Anahid Sofian Celebrates 50 Years of Dance on West 15th Street

Contemporary photo of Anahid Sofian by Caridad Sola.

BY BONNIE ROSENSTOCK | Anahid Sofian opened her Oriental dance studio on West 15th Street in 1972, and is celebrating that auspicious occasion on Sat., June 18, with a night of dance, music, and libation. Billed as an Atelier Orientale, it will feature performers who were her students or teachers at her studio at one time, plus two musicians, Rachid Halihal, from Morocco, on oud (a lute-like stringed Middle Eastern instrument), and Richard Khuzami on dumbek (a Middle Eastern goblet-shaped drum). The dancers will perform to taped music.

In a phone interview, Sofian related how she came to be drawn to Oriental dance, a term she prefers to the more popularly derivative “belly dance.” She had been dancing ballet and modern dance all her life in California. She joined a modern dance company in Los Angeles and sustained an injury. She moved to New York to recover, discovered Oriental, dance and fell in love with it. “I went to Greek nightclubs in the 1960s and would watch and watch, go home and practice, practice,” she said. “I was self-taught because nobody was teaching it. With my dance training I was able to break down the movements. It looks so fluid, but those isolations are difficult.”

She soon began dancing in Greek clubs on weekends while maintaining her full-time job as a copy editor at Saturday Review. When the literary magazine moved to San Francisco, she opted for severance pay and started teaching. In 1974, she went to Morocco with a videographer and filmed the folkloric festival in Marrakech with over 300 tribes, mostly from the south. She donated the films to the Lincoln Center Library. “They said it was among the best films of North African dance they have,” she said. “It was a life-changing experience. It turned my life around.”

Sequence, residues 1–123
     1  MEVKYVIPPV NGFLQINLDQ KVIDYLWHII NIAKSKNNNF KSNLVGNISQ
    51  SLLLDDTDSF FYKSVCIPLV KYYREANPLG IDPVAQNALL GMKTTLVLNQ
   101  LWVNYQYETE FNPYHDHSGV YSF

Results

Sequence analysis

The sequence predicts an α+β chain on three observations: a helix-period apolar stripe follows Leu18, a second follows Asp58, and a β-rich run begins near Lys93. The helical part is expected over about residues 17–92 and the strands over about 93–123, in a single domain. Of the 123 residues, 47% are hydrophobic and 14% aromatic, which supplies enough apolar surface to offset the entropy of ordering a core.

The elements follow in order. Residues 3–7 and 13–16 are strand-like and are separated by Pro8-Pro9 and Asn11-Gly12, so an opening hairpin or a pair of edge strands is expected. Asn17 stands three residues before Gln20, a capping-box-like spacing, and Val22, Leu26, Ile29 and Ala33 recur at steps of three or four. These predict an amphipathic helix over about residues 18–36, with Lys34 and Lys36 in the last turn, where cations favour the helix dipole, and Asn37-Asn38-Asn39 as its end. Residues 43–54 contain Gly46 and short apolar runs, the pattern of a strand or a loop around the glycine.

By 1979, she had students good enough to form a dance company, she said. The first dance she choreographed was aptly named Morocco. “It was inspired by dancers I saw combined with a Western perspective,” she explained. “It’s true to its form, with added Western compositional ideas.”

Promotional flyer courtesy of the artist.

There was a section of the dance that incorporated trance turns. She rented Webster Hall on E. 11th St. (then called Casa Galicia), hired a band, and debuted the dance and her company, in which 400 people attended. The downtown dance community took note and “discovered” spinning. Sofian was awarded a $5,000 NY State Cap Grant (her only grant) for the spinning dance. It was the beginning of her long, illustrious career as a dance teacher, choreographer, and performer.

Her 2,500-foot floor-through loft doubles as her living space in the front with the back as a dance studio and dressing room. It has maple floors, high beamed ceilings and brick walls. “I fell in love with it when I saw it,” she said. When she moved into the 1905 industrial building, Beth Israel had a methadone clinic on two floors. Some years later, when the building was put up for sale, the tenants formed a co-op and bought the 10-story building, each having their own floor.

Despite competition from other belly dance studios and teachers back in the day, like Serena, Bobby Ibrahim Farrah and Morocco, Sofian held her own. For me, she was the best teacher. Because of her dance training, she taught a Western-style dance warm-up, which built flexibility and strength, and then broke down the Eastern movements in a logical, easy to understand, progressive way.

These days, COVID has killed her studio and income, Sofian declared. She is barely surviving with one Zoom class and has just brought back one in-person class. A student of hers has started a GoFundMe campaign to help defray her expenses. But for this one night, leave worries behind. The enthralling dances and music of the Middle East will transport you to distance lands without leaving Sofian’s magical studio.

Atelier Orientale, Dance and Performing Arts of the Middle East, Sat., June 18, 5-7 pm. Meet-the-Artists Reception will follow. At Anahid Sofian Studio (29 W. 15th St. btw. Fifth & Sixth Aves.), 6th floor. Donation: $25. Limited Seating / Zoom. Tickets: 212-741-2848. Visit


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